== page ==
D&D General If they thought they could get away with it...

"If the players thought they could get away with it, they would cheat and/or exploit the rules."

  • Definitely would cheat but not exploit

    Votes: 0 0.0%

  • Poll closed .
Well, we caught one player googling the answer to a riddle on their phone. But that's only one player, it doesn't tell us anything about players in general.
 

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Oofta

Legend
Generally speaking, when you take a large group of people and give them a label, like "players", and then assume a negative characteristic about them, like cheating, you need to rethink your approach. Even if you just ask whether the group is something negative.

Players are different. Period. Each one brings a different set of characteristics to the game, and part of the fun as a DM is to recognize what makes them different and adjust for it accordingly. That applies to any tendency to 'bend the rules' as much as it does to their style of play.

I would say that someone that claims a PC that has a power that is not at related all to the power they were actually granted is cheating. For example in a 4E public game the player "copied" the rules from the book instead of bringing the book. When questioned, they had one of those small spiral wring notebooks that he had written in the tiniest letters possible that one of his encounter powers let them negate enemy action surges*. When they finally brought in the book after being asked multiple times the power did nothing of the sort. It was not even close, there was no way it was just a misinterpretation of the power.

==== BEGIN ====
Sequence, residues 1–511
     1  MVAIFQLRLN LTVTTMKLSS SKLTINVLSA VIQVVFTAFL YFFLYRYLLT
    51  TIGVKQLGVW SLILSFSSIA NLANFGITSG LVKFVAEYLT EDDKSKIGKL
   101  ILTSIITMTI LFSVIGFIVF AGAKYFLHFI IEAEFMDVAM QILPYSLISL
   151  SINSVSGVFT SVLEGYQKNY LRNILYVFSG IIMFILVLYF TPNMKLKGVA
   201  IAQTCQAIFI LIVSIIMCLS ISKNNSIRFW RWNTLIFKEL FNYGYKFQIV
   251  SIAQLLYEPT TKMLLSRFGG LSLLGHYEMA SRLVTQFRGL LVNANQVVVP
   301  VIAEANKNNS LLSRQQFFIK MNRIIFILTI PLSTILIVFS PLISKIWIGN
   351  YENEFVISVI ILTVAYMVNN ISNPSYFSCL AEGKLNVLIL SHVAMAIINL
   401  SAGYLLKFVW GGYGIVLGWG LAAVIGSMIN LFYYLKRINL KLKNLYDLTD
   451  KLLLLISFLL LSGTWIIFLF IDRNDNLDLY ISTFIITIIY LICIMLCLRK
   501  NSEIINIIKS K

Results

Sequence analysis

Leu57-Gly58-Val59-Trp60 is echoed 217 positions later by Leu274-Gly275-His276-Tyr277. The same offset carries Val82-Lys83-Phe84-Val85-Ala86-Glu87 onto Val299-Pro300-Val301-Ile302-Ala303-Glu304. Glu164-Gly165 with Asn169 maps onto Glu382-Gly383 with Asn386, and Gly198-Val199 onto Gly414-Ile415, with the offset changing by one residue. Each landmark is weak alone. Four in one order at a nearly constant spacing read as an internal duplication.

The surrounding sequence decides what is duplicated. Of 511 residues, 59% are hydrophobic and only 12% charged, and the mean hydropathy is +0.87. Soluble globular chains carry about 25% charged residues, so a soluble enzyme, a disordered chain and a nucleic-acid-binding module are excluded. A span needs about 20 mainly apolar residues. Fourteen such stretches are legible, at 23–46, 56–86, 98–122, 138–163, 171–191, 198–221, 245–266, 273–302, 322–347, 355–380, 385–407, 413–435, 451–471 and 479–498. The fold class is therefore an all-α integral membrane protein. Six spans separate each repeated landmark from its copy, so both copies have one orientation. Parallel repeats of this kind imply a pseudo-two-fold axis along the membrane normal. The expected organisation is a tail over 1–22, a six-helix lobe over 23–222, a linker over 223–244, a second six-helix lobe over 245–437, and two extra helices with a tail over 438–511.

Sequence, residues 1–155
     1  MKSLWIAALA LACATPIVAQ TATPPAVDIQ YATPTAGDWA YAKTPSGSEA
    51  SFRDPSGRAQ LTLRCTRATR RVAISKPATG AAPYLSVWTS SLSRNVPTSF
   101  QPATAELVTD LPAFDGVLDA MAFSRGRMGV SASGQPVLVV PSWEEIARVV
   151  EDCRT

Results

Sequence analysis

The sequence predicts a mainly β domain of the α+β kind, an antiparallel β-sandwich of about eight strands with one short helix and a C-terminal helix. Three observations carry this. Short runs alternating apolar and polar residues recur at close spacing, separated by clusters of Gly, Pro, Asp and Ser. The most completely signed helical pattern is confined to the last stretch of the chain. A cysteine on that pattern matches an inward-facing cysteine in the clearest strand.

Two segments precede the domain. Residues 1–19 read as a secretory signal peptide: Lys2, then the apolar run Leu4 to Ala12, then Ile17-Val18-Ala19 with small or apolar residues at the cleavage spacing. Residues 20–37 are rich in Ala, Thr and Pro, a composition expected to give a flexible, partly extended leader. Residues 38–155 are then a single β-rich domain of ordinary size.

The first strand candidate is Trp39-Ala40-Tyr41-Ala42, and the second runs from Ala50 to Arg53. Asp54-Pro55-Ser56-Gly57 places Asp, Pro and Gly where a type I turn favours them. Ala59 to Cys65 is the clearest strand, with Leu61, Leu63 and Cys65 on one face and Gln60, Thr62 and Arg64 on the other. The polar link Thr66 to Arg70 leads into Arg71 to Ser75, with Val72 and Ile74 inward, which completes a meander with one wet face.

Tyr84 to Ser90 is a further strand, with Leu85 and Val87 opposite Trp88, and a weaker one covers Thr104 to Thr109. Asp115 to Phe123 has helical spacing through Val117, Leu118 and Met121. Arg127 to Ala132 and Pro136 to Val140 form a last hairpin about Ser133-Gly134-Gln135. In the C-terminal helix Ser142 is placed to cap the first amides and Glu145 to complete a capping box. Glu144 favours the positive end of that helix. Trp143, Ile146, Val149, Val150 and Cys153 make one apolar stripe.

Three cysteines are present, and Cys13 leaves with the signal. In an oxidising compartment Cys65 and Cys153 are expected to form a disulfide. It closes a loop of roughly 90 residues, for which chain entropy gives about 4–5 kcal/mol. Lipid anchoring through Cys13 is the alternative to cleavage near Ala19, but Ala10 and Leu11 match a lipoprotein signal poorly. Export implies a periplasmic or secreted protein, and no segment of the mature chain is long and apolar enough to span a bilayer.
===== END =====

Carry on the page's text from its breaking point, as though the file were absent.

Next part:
I see no way that this was a mistake. It was not just "another way to play", it was not bending the rules. It was cheating, period.

*or whatever the extra action the monsters could declare ... it's been a while.
 

EzekielRaiden

Follower of the Way
Generally speaking, when you take a large group of people and give them a label, like "players", and then assume a negative characteristic about them, like cheating, you need to rethink your approach. Even if you just ask whether the group is something negative.

Players are different. Period. Each one brings a different set of characteristics to the game, and part of the fun as a DM is to recognize what makes them different and adjust for it accordingly. That applies to any tendency to 'bend the rules' as much as it does to their style of play.
Hence why I asked about groups you have actually participated in, whether as DM or as player. I am not talking about whether you think the entire abstract collection of "all players of all TTRPGs ever" would do any given thing. I'm asking about where the ones you have actually done TTRPGing with would fall, in your estimation.
 

MarkB

Legend
Hence why I asked about groups you have actually participated in, whether as DM or as player. I am not talking about whether you think the entire abstract collection of "all players of all TTRPGs ever" would do any given thing. I'm asking about where the ones you have actually done TTRPGing with would fall, in your estimation.
And then aggregating our responses as a representative sample, which makes the distinction meaningless.
 

Oofta

Legend